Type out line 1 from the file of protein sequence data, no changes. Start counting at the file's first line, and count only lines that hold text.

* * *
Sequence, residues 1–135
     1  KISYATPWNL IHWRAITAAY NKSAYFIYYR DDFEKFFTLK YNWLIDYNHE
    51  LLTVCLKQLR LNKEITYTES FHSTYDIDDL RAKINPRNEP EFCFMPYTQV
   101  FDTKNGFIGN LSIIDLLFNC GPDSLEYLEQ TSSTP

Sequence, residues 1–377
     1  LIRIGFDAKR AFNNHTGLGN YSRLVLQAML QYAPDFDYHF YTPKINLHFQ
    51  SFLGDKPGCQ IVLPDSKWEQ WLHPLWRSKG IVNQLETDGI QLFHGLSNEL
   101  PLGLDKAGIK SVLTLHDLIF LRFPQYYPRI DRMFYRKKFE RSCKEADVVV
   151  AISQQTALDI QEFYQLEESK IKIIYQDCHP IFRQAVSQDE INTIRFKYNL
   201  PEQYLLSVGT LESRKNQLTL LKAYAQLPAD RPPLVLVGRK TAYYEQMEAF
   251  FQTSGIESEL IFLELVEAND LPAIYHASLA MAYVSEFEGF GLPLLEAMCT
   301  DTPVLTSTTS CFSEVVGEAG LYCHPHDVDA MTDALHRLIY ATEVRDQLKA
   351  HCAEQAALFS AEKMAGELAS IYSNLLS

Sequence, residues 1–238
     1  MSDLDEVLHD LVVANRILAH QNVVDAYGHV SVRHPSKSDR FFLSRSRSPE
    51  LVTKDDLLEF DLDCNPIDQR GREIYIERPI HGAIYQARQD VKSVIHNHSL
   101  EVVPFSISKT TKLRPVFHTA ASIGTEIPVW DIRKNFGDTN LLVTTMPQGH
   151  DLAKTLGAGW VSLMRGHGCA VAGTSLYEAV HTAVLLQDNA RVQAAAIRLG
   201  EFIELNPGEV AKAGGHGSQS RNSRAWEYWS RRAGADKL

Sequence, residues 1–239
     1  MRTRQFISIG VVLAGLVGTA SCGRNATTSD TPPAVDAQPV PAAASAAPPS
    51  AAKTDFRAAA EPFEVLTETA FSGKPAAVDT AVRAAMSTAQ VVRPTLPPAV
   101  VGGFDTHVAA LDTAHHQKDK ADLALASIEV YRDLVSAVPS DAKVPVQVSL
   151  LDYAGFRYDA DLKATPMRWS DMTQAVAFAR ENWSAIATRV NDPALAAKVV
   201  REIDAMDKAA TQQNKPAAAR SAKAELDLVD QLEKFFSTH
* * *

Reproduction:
Sequence, residues 1–135